Every Semaphore pipeline starts with the version, name and agent. An agent is a virtual machine that powers the pipeline. Let’s understand the above file, which defines our pipeline workflow.
The first line
version: v1.0 uses the latest stable version of Semaphore 2.0 YML syntax.
version: v1.0 name: Tallest Towers
By default, they are named with the language-specific template that you chose. This is our pipeline name.
Next, we have an
agent: machine: type: a1-standard-4 os_image: macos-mojave-xcode11
An agent defines the environment in which your code will run. There are multiple available machine types and operating system images. This means that on the Semaphore side, your code will be built in a hosted macos-mojave machine. This is a customized image with Xcode 11 preinstalled.
In our case,
a1-standard-4 is our machine name with 4 virtual CPUs, 8 GB of memory and 50 GB of disk.
Blocks define actions for the pipeline. They are executed sequentially and are probably the most important part of this file. Each block has a task that defines one or more jobs, and these jobs define the commands to execute. Once all jobs in a block are complete, the next block begins. Essentially, blocks define your Continuous Integration and Continuous Delivery pipeline flow.
In this file we have 3 blocks named ** Run tests**, Build app and ** Take screenshots**. All defining a task with some jobs. These jobs define some commands to run, for example
bundle exec xcversion select 11.2.1 . Below is a more descriptive explanation for the job named Test inside Run tests block:
bundle exec xcversion select 11.2.1selects an Xcode version.
bundle exec fastlane testrun tests of iOS and Mac app on a simulator or connected device.
The first block run all our unit and UI tests.
- name: Run tests task: env_vars: - name: LANG value: en_US.UTF-8 prologue: commands: - checkout - cache restore - bundle install --path vendor/bundle - cache store jobs: - name: Test commands: - bundle exec xcversion select 11.2.1 - bundle exec fastlane test
checkout command download source code from GitHub. The next commands, restore dependencies from the cache and install it. Finally, we select the Xcode version of the project and run the tests using Fastlane.
The next block build the app and generates an
- name: Build app task: env_vars: - name: LANG value: en_US.UTF-8 secrets: - name: match-secrets prologue: commands: - chmod 0600 ~/.ssh/* - ssh-add ~/.ssh/* - checkout - cache restore - bundle install --path vendor/bundle - cache store jobs: - name: Build commands: - bundle exec xcversion select 11.2.1 - bundle exec fastlane build - artifact push job build/TallestTowers.ipa
It is very similar to the previous block. The commands inside this block configure our secrets, sign our app and upload it to TestFlight using Fastlane. We will go more in-depth about the other commands and Fastlane later.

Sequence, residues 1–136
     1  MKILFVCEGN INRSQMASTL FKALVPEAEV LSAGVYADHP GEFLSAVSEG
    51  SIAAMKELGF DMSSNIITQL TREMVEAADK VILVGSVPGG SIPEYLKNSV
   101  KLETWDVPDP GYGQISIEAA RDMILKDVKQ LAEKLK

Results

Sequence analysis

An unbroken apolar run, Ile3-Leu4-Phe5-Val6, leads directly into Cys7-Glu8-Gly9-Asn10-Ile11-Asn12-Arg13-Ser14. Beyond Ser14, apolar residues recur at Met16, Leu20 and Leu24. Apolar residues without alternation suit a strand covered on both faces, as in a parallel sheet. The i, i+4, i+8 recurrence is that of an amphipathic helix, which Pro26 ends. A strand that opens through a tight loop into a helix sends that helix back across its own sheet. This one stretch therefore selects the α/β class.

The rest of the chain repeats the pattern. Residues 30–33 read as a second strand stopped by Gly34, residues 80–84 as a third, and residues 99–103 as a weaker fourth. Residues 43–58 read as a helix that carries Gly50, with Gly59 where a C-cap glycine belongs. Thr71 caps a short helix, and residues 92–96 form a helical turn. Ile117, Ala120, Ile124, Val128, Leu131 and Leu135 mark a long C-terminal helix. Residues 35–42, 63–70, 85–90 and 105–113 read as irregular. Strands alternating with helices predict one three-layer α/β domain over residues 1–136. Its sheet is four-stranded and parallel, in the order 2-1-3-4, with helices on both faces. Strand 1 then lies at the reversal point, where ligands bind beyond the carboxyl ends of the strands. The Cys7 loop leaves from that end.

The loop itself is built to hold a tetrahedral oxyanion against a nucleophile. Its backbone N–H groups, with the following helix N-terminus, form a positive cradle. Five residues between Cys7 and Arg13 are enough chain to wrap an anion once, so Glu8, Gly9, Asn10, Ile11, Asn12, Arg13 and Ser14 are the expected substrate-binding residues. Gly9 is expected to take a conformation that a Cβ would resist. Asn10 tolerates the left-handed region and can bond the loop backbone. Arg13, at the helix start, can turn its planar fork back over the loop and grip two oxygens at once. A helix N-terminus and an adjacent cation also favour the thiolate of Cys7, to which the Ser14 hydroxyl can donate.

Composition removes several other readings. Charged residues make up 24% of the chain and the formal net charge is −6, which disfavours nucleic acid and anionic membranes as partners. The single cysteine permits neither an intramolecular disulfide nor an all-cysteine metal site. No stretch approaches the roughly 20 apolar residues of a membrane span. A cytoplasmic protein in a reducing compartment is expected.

The last block capture and upload our app screenshots.
- name: Take screenshots task: env_vars: - name: LANG value: en_US.UTF-8 prologue: commands: - checkout - cache restore - bundle install --path vendor/bundle - cache store jobs: - name: Screenshots commands: - bundle exec xcversion select 11.2.1 - bundle exec fastlane screenshots - artifact push job screenshots
Notice that we repeat some commands like checkout, cache, etc, to get the necessary files from our repositories and dependencies.
To commit your file, tap the button Run this workflow. Also, pay attention to the fact that you can customize the default configuration before running by clicking on the Customize it first link.
Is everything green (Passed)? You did it! 🎉
We have a working setup for a real workflow that makes it easy for iOS developers entering the Continuous Delivery stage. After running the code, everything shows a “Passed” message in green. Go further and see the output of every step by tapping in your commit message or job name in the Semaphore dashboard to understand everything that happened in the backend of the console while running the pipeline steps.
We can even have more blocks if we want. For example, a block to create changelog files of build versions or to send notifications on Slack, etc. This all depends on you and your pipeline strategy. So, now that you understand the file and how the integration process works, let’s understand our deployment process in depth.
Before doing it, let’s make a quick overview of Continuous Integration. In this process, we commit our changes to the main code branch that triggers an automated code to build and run. Every
git push origin branch will trigger the automated process defined in the
semaphore.yml configuration file. This way we focus on our work rather than manually build and test code every time we do changes.
Continuous Integration helps us archive a build that can be deployed and the automated tests check every tested code to be safe to deploy.
Our code changes continuously while working on our apps. In practice, we deploy several versions of our apps, sometimes even on the same day. Rather, to fix bugs, add new features, refactoring some code, etc. It’s an endless cycle. Continuous Delivery is exactly this process. If we configure our project to trigger our defined pipeline automatically and fully automate the entire process of push code from our repository to production, the process is called Continuous Deployment.
We want to define our pipeline with steps to do Continuous Deployment, so we can focus only on our code while working in small iterations and always keep the code in a deployable state.
If you forked the Semaphore demo app you got all of this out of the box.
Make sure that you:
- Configured Fastlane to automate deployments and releases (Continuous Deployment).
- Added a block to build and run our unit and UI tests.
- Added a block with steps to build and deploy our app to TestFlight.
Fastlane makes our Continuous Deployment life a bit easier. You may know it as is vastly used for deployment of apps to the App Store.
If you don’t have Fastlane installed, you will need to:
- Install Fastlane.
- Follow the instructions of configuring Fastlane files.
- Test if everything is working right.
If you want a quick setup help, you can see the files that we use in the configuration of the Semaphore Demo iOS Swift app here. These files are added after we install and run Fastlane for the first time. To understand more about the process of Fastlane installation and configuration you should read this introductory article.